So I didn't sign up and sure enough, I got the Philippines.
How did you get there?
I didn't have much of a vacation. I had to go to Norfolk,
VA, to the hospital there to meet the other nurse who
was going with me, Mary Chapman, and get the ship. We
went over on the [transport ship] Chaumont (AP-5). I
think I took an overnight ferry from Baltimore to Norfolk
and met Mary there. We stopped at Guantanamo Bay and
then through the [Panama] Canal.
I wasn't a sailor and didn't enjoy the trip. I was seasick
all the time.
Did you stop at Pearl Harbor?
Yes. We had marines aboard they were taking to Midway
where they went ashore. Then we went on to Guam and
arrived in the Philippines in July 1940.
What was your impression of the Philippines?
I had no idea what the Philippines looked like; I hadn't
read up on it or anything. Of course somebody met us
at the dock to take us to Canacao. All I can remember
is the smell of copra which seemed to be everywhere.
The nipa huts, the kids running around naked. The houses
on stilts, the carabao. But life was very good out there
too. We went to work at 8 o'clock. You went to lunch
and then didn't nave to go back on duty.
You had the afternoon off?
Yes, because only one nurse had to go back to supervise.
We had golf, bicycling, swimming. You could go to the
markets if you wanted to. For $5 a month you took your
shoes, put them outside the door, and the house boys
would take them downstairs, polish them up, and when
we got back they would be sitting by your door. It was
the same with the women who did your laundry. On your
way to work you dropped it off in the washroom and when
you returned there it was all pressed for you. Just
before war was declared, we had one shop across from
the Army and Navy Club run by a Jewish woman originally
from Philadelphia named Rosie. Nothing was on display.
She would say "I've got just the thing for you."
You might go in to buy a pair of stockings and you would
come home with an evening dress. She would serve you
a drink first. Anyway, I bought this two-piece slack
suit. Rosie was taken prisoner and I don't know how
many years later, I get a bill from Rosie. Apparently,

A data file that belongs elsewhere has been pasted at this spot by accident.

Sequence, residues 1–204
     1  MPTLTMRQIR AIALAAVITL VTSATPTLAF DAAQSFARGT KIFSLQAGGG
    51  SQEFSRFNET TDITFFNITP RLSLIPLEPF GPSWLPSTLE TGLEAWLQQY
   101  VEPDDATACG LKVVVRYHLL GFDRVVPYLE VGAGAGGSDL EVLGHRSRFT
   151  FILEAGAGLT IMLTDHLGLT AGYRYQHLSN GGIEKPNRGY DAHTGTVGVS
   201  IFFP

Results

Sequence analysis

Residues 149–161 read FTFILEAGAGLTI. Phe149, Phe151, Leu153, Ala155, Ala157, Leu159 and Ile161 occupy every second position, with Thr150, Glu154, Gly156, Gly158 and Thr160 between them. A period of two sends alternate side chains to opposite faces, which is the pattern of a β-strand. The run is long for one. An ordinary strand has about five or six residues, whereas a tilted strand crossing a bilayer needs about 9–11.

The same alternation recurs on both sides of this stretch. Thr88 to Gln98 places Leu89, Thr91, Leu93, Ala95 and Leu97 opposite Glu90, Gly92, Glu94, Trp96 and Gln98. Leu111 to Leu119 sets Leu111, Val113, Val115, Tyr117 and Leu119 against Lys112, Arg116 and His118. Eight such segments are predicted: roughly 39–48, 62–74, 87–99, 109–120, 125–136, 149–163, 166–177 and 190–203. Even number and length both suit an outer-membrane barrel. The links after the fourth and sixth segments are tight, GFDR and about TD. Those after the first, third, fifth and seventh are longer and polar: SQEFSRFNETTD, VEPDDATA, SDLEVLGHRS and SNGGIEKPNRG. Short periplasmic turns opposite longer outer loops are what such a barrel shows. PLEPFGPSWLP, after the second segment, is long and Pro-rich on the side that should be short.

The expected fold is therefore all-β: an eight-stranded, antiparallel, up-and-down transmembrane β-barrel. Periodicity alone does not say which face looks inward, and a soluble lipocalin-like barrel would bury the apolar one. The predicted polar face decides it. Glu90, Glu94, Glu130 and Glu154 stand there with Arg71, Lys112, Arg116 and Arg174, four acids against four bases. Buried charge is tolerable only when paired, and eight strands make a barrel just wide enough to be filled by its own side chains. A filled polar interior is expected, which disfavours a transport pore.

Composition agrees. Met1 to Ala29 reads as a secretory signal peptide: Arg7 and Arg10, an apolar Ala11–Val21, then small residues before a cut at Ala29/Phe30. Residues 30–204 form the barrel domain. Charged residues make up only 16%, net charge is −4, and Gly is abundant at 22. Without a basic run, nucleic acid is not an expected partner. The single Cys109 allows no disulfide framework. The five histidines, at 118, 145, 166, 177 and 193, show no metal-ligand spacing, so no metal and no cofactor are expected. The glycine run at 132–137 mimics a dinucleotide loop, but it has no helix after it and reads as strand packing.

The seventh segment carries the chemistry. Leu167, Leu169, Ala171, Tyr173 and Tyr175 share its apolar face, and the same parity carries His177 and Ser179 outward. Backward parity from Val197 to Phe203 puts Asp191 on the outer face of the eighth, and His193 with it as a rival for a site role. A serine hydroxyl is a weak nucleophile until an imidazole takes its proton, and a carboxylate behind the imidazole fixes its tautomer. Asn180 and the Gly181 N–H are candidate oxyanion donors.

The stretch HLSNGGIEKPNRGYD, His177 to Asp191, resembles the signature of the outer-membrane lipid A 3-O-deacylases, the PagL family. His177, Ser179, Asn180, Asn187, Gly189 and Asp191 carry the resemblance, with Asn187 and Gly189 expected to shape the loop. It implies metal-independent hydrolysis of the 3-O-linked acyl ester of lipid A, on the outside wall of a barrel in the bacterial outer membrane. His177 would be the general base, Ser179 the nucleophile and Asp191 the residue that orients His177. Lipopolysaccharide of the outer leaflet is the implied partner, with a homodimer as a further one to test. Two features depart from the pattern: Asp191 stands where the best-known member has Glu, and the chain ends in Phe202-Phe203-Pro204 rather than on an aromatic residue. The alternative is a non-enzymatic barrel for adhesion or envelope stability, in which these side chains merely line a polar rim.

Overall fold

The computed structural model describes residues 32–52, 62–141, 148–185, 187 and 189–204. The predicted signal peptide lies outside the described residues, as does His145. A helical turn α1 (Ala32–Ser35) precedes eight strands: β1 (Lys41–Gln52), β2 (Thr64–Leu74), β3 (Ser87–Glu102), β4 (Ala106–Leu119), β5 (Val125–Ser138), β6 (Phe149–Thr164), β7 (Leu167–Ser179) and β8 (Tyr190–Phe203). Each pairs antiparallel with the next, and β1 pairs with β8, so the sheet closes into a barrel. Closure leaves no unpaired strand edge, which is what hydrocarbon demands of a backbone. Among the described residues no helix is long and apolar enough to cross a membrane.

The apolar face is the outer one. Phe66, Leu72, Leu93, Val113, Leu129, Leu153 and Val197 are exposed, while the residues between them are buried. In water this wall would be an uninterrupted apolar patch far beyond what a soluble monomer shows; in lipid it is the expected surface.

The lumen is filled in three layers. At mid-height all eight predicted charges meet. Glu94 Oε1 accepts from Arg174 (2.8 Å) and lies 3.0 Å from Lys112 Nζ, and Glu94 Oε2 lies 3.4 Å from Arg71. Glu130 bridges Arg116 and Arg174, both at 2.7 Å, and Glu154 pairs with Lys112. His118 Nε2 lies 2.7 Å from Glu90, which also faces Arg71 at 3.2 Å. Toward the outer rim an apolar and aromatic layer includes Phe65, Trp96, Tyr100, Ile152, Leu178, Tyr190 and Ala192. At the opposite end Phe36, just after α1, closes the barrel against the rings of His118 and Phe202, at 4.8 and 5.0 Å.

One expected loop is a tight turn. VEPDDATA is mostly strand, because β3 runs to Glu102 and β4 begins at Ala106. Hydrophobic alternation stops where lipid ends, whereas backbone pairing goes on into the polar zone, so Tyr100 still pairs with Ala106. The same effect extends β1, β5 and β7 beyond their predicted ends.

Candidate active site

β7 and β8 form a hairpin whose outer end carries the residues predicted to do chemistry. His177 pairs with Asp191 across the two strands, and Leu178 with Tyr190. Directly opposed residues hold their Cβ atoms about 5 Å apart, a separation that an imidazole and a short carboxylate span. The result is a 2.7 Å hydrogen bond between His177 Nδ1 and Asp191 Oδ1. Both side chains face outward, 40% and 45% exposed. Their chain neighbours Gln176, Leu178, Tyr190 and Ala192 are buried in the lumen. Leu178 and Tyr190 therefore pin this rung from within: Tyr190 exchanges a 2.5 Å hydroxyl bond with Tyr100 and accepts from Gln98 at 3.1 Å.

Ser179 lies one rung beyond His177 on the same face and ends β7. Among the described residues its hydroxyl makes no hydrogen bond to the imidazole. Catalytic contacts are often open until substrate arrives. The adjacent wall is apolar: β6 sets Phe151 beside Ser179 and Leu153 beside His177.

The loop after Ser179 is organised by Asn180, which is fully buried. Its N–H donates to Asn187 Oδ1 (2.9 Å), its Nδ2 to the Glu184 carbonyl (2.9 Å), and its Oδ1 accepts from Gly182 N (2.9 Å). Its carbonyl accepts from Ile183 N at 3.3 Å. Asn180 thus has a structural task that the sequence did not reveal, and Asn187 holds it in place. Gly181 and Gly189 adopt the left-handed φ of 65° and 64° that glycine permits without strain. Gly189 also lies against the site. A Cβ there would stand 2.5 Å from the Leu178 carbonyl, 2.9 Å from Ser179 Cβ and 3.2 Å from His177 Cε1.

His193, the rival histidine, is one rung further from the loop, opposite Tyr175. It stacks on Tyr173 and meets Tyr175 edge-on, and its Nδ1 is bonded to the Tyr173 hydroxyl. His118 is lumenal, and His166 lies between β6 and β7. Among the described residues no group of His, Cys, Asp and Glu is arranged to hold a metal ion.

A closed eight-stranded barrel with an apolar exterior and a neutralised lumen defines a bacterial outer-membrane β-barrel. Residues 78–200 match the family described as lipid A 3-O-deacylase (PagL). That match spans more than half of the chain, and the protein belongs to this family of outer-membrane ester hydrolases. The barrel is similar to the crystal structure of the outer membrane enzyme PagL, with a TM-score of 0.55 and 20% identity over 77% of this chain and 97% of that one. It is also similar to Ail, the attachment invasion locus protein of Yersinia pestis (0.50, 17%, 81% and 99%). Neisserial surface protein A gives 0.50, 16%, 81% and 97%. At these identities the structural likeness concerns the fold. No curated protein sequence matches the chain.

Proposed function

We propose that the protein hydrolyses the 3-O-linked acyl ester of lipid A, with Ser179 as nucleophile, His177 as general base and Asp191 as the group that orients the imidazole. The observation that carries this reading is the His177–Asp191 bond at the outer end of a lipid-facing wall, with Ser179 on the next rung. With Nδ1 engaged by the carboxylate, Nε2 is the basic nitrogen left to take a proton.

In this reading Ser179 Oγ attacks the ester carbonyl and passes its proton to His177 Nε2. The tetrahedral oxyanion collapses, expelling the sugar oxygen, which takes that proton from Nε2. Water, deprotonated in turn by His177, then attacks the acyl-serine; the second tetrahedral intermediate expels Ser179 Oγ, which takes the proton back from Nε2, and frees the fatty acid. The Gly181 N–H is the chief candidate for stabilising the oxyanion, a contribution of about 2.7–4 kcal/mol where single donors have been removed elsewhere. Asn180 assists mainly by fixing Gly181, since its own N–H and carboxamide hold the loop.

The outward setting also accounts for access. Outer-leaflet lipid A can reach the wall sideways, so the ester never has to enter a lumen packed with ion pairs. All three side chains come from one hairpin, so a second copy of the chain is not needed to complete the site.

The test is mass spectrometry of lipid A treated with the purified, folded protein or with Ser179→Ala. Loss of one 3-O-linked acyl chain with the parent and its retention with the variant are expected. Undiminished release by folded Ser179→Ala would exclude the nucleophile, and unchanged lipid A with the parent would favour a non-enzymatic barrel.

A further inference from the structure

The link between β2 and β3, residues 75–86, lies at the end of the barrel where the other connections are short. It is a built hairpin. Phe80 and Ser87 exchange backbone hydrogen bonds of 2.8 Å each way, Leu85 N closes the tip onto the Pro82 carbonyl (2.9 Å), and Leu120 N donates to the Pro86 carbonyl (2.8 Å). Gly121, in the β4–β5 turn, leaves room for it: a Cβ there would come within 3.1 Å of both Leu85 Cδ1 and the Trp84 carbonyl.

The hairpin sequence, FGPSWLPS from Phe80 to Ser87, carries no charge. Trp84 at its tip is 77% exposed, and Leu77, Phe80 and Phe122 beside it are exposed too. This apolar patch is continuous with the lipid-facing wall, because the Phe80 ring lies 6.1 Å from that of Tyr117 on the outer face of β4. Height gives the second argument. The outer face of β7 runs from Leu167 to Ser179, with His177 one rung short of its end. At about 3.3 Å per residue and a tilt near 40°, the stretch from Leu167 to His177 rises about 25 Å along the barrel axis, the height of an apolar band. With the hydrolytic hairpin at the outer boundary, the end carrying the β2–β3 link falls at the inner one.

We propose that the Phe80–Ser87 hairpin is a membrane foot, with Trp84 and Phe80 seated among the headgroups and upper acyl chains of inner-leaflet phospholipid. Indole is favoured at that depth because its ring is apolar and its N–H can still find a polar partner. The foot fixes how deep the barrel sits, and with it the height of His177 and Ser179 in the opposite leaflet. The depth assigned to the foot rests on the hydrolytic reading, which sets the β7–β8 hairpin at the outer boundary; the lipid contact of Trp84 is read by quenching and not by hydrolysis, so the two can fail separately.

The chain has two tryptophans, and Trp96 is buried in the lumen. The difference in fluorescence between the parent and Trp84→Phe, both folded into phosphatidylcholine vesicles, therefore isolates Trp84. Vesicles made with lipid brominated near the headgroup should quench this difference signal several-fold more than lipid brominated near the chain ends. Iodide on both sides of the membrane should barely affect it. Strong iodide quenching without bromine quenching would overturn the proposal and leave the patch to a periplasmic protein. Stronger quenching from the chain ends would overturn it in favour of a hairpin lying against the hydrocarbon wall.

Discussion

she had kept her records and the bill came from Philadelphia.
You probably had signed a chit for that dress.
Sure. That's all you ever did.
Did you have individual rooms there?
Yes. Did Dorothy [Still Danner] or Bertha [Evans St.
Pierre] tell you how we found out that the war had started?
Bertha said that her boy friend at Cavite phoned her.
Ed. Yes. He called her around 6 o'clock in the morning.
The telephone was downstairs on the first floor. And
she came running up the steps and into my room. "Ann,
war's been declared."
Even before you got to the Philippines, had you been
hearing anything about war?
I don't recall when we were going out. But one thing
happened that made us aware that something was cooking.
Mary Chapman was going to get married and had put in
her resignation. When the Chaumont would come in, somebody
already had their orders to go back but the ship always
brought someone out as a replacement. The chief nurse
Miss [Laura] Cobb had us at a meeting and said, "I
would suggest that anything you have, you pack up and
ship back." Mary Chapman was going to be on that
boat so I packed up a Hong Kong chest that someone had
picked up for me and all the other things I had bought
from the Chinaman who used to come to the nurse's quarters.
He came with his valises packed with linens and things
and he would spread them on the floor and he'd tell
us to just sign the chit. You wouldn't have to pay for
the things right then. So I packed all these things
up and sent them with Mary Chapman's things.
Did the stuff go out with the Chaumont?
But Mary Chapman didn't.
No. I'll tell you why she didn't. When we heard about
Pearl Harbor, they started sandbagging around the hospital
because it wasn't on a solid foundation, just on these
corner posts that held it up. And it was a three-story
building. They assigned us so many hours duty and then
somebody would come and relieve us. I remember I was
coming off duty some time in the early morning hours
when the siren went off that the planes were coming
to bomb Nichols Field. When the war was declared all
the patients who could go back to duty were sent back
to duty. They sent the Filipinos home. Anybody who couldn't
be moved ended up under the hospital.
They put them under the hospital, protected by sandbags?
Yes. I stayed there, I don't remember how long because
I had started to go over to the nurse's quarters already.
The captain then decided to evacuate the patients to
Sternberg hospital in Manila. He decided that two nurses
and two corpsmen had to accompany them.